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The shape of things to come

Readers of this blog should be used, by now, to my banging on about androids–robots made to resemble human form. I think they’re relics from early science fiction written by people who knew how to write a good story, but lacked a full understanding of robots’ role in future society.

The android is a good plot device. It invokes primal reactions that can be manipulated to engage readers in the story. Depending on what you, as an author, want for your story, an android can be a protagonist or a villain. You can make your readers love it, hate it, pity it, or bond with it. A non-anthropomorphic robot that looks like a rolling hatbox excites –nothing.

In the real world, however, where we want robots to be technological servants that do a job as cheaply and conveniently (for us) as possible, the android form is generally worse than useless. It carries baggage that more often than not will interfere with its accomplishing its primary function, whatever that primary function is supposed to be.

Rather than waste your design time trying to work within anthropomorphic constraints, a much better strategy is to let the needs of the task define the robot’s morphology. A case in point is the FluxCrawler designed by Drs. Jochen Kurz and Klaus Szielasko at the Fraunhofer IZFP (Institute for Nondestructive Testing) in Saarbrücken, Germany.

The job this little guy is designed for is to climb up or crawl along (depending on the physical arrangement of the work environment) a tension-holding steel cable looking for structural flaws. An archetypical situation would be checking out supporting cables on a suspension bridge or an elevator. This task certainly fits all Three  “Ds” of Robotics: Dull, Dirty and Dangerous. You would not want to ask a human technician to climb any of those cables carrying a fluxmeter in a backpack.

According to information published recently by Scientific Computing, FluxCrawler holds onto the steel cable under test via a magnetic field. The unit divides the cable into linear sections, running magnetic-flux sensors over the surface of each section looking for stray flux driven out of the cable by cracks in the steel. It makes a pass along one side of a section, then moves around the cable a bit to check another side, then moves around a bit more, and checks again, and so forth until it has checked all around the outside of that section. Then, it will crawl up or along the cable to the next section, and circle around it. Then, it will crawl to the next section, circle it, and so forth until the entire cable length is done. With this system, there is theoretically no limit to the diameter or length of the cable to be tested.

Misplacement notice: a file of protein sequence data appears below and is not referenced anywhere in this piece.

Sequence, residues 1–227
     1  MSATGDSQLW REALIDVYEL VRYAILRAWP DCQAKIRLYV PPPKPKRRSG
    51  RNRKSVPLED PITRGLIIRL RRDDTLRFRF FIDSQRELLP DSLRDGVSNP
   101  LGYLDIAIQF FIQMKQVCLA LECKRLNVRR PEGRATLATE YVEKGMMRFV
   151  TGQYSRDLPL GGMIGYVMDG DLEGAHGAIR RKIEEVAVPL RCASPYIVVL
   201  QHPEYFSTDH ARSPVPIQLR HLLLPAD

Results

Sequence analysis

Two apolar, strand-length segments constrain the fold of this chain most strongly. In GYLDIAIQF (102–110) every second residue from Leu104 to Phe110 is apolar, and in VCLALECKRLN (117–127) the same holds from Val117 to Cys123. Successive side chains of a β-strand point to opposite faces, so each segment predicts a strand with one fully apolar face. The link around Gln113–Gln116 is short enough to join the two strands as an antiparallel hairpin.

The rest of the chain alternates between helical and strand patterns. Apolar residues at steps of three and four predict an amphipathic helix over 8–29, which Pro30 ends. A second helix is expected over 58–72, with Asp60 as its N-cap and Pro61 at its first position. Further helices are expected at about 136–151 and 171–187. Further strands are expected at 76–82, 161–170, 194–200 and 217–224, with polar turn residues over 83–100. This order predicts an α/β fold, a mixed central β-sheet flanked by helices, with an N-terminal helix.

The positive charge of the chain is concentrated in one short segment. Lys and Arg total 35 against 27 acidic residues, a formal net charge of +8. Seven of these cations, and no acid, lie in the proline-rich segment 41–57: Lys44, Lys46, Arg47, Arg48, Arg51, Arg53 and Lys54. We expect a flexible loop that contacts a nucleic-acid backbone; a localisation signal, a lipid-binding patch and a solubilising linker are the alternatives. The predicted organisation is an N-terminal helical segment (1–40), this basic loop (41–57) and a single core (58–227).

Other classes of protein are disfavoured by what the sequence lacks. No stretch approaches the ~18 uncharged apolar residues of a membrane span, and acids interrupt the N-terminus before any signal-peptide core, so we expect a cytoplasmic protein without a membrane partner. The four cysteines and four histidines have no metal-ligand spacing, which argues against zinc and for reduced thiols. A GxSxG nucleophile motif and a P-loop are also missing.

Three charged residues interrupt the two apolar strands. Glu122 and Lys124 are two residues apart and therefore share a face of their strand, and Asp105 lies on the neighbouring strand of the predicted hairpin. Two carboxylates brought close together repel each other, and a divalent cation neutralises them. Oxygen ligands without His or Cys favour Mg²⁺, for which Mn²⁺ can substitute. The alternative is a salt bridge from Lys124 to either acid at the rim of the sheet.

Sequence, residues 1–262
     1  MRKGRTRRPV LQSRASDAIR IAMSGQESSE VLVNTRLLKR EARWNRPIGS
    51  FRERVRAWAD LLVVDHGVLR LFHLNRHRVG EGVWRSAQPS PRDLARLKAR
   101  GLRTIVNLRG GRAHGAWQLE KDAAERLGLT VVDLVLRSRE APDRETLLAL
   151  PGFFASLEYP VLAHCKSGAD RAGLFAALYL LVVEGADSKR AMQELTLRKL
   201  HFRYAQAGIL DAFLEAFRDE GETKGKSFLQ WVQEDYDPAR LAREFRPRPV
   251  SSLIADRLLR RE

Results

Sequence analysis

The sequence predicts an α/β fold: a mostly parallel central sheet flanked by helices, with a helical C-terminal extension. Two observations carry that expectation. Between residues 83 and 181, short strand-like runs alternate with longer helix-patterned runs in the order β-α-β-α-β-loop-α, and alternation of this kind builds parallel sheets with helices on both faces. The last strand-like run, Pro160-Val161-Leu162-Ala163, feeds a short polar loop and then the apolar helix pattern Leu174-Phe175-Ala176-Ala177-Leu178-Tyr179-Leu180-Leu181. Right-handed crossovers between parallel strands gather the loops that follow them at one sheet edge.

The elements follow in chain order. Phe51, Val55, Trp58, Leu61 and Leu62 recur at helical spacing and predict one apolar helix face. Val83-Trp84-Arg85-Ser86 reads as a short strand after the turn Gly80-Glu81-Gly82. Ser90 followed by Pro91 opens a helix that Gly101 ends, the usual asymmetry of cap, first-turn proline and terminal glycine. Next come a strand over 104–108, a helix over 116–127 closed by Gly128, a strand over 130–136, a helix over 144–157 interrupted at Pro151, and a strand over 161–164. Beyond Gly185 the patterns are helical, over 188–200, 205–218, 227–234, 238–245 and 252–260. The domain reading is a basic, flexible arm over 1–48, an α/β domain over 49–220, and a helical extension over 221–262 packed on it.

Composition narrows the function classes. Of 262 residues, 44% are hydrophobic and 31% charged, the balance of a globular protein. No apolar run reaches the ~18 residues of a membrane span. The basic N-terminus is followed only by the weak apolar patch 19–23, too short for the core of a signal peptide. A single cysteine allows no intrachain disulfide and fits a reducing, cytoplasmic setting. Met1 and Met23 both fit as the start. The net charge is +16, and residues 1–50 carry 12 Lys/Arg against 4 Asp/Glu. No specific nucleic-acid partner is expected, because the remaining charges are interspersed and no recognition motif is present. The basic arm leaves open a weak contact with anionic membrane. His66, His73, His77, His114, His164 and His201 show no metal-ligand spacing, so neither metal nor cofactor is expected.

At each pass on each section, FlexCrawler induces a static magnetic field within the cable itself, and looks for excess magnetic flux leaking out of the cable side. The flux should pass axially through the ferromagnetic cable, but flaws caused by breaks or oxidation typically introduce non-magnetic or diamagnetic spots that interrupt the flux flow. The flux then then bends out of the cable to avoid the flaw, creating a magnetic anomaly in the space next to the cable. FluxCrawler alerts its host computer via Bluetooth communications, telling not only where along the cable the anomaly appears, but at what angle around the periphery. Armed with that information, technicians can zero in on the spot to determine what to do.

C.G. Masi has been blogging about technology and society since 2006. In a career spanning more than a quarter century, he has written more than 400 articles for scholarly and technical journals, and six novels dealing with automation’s place in technically advanced society. For more information, visit www.cgmasi.com.

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